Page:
Bush vs Forest
We all know what a forest is, or at least know it with other names that are used to refer to an area of a vast expanse covered with dense vegetation and giant trees. It is the presence of very high proportion of trees that makes such an area, also called woods or woodlands, classify as a forest. Almost 1/3rd of land area across the world is covered with forests of various types. There is another word bush used in some countries that connotes an area similar to that of forest which is why people remain confused between a bush and a forest. This article attempts to clarify the doubts from the minds of the people by highlighting the differences as well as describing the usage of the word bush in different countries.
Bush is not a universal word but restricted to a few countries where it is used in different contexts. It is used to refer to an area with dense vegetation, which is not a forest full of shrubs and bushes, and has eucalyptus trees that provide a cover to the vegetation. There is another use of the word bush in Australia. If there is a reference to a person going bush, it means any uninhabited or sparsely habited area with or without dense vegetation. It also means countryside or an area that is outside metropolitan cities. Extension of bush can be found in terms such as Bush Cricket and bush music that are indicative of rural settings.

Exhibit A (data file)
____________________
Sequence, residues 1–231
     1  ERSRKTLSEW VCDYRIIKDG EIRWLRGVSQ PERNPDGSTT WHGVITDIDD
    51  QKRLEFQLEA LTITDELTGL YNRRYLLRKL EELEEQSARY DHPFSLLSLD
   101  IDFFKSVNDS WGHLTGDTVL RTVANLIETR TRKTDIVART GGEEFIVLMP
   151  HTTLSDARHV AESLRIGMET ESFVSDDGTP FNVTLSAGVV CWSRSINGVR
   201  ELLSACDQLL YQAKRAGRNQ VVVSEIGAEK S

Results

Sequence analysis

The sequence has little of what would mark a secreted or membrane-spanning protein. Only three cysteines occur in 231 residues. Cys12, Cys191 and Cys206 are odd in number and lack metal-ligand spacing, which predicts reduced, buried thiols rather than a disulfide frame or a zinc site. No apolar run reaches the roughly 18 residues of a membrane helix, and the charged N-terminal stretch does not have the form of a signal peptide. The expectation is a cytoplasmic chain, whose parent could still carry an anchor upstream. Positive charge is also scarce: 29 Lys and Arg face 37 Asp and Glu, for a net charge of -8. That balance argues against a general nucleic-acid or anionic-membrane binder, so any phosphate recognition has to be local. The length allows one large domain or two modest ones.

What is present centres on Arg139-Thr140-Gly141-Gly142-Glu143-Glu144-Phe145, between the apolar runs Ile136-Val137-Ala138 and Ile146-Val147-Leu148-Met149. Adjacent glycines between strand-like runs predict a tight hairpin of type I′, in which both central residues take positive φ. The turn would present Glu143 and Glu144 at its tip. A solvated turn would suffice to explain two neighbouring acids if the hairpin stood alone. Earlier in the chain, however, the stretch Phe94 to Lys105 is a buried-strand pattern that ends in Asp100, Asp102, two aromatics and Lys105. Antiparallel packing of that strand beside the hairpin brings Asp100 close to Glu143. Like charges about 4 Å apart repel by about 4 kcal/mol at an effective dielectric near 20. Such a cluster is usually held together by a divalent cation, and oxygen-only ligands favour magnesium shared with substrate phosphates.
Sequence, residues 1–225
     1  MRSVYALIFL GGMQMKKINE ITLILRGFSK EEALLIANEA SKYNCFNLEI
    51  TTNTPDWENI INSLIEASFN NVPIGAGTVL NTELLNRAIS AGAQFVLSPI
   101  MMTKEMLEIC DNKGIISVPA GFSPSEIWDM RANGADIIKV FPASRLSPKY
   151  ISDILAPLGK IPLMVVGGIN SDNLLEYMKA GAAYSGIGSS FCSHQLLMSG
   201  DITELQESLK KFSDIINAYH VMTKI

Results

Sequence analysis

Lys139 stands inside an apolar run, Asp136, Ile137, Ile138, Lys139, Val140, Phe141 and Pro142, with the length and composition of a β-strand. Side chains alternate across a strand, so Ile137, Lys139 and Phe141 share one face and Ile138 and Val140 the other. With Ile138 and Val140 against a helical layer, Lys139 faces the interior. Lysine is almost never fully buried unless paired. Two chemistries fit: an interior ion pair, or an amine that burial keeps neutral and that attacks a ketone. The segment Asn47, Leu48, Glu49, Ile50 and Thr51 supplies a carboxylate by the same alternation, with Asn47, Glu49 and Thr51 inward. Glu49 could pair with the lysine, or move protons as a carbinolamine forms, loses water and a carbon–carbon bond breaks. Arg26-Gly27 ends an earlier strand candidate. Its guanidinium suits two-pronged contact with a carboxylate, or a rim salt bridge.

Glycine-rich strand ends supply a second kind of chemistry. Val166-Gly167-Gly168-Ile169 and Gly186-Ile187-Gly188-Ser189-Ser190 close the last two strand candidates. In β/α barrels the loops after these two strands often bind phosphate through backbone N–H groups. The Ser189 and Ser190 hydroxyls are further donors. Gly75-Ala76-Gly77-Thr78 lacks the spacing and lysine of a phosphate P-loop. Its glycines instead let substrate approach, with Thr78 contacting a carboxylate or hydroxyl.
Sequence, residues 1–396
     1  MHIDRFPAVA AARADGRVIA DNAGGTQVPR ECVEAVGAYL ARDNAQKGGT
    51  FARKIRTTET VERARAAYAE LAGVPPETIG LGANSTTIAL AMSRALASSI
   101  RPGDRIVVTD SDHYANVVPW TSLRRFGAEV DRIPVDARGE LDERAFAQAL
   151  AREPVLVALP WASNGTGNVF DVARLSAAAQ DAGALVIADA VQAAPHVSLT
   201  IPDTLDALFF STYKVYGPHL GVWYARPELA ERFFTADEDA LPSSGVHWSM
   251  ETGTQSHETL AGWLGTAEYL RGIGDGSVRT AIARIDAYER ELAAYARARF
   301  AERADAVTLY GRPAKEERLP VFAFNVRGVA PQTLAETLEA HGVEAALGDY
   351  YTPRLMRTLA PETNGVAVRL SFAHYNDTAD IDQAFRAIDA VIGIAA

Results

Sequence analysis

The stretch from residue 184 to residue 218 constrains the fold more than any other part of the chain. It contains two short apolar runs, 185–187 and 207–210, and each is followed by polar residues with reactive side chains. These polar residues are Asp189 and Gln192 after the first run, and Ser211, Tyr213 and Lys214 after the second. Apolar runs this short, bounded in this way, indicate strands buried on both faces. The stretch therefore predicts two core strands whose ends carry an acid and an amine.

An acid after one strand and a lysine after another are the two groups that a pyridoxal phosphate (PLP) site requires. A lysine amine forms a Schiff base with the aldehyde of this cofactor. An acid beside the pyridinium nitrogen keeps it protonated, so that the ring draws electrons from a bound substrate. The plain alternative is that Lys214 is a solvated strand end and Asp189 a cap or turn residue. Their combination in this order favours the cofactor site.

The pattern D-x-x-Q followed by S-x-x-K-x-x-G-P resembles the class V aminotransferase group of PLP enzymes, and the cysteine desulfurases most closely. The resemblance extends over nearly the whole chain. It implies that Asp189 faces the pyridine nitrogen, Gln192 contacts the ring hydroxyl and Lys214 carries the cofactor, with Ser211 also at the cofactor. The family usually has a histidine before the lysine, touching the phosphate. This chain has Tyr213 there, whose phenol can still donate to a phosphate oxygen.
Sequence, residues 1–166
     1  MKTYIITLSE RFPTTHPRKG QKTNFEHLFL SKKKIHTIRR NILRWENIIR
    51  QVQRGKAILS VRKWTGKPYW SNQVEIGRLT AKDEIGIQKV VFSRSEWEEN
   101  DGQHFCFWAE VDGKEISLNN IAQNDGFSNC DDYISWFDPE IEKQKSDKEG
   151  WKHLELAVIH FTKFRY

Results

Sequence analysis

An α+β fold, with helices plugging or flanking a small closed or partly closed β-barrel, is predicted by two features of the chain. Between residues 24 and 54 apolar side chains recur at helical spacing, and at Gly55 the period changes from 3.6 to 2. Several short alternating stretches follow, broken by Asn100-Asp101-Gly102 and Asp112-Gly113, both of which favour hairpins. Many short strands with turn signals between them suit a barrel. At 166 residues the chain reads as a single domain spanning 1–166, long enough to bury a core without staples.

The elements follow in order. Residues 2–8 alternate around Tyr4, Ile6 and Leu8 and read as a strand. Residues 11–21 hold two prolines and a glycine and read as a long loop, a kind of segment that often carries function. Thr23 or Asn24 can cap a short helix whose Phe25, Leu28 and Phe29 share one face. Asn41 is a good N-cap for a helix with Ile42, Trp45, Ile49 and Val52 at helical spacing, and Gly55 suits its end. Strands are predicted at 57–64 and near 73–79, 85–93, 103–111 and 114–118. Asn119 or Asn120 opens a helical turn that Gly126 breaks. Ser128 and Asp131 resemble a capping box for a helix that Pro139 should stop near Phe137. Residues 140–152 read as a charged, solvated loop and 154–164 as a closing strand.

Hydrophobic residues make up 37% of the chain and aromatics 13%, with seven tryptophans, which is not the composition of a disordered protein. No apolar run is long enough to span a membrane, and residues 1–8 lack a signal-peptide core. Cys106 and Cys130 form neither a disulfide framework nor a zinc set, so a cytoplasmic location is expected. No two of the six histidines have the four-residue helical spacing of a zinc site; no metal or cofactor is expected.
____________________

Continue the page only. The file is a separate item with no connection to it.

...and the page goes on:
In New Zealand, bush is indicative of a rural land covered with dense vegetation, So it means an isolated countryside land with dense vegetation. The word bush has perhaps evolved from the Dutch bosch that means any uncultivated land in the countryside. Similarly, areas in the wild are referred to as bushes in South Africa.
The word bush is mostly used in Australia where it refers to a land in the countryside rather than in cities. To be bushed for an Australian means to be lost in the wilderness. Therefore, an Australian can be bushed even in New York, which would be hard to understand for an American. In the African continent in general, the term bush is used, not for countryside but for an area similar to a forest though having smaller vegetation.
What is the difference between Bush and Forest?
• A forest is understood universally as a vast expanse of land covered with dense vegetation and large trees.
• Bush is a word that has different meanings in different countries, though in general, it can be considered as an area in the wilderness or rural settings full of vegetation that is smaller than that found in a forest.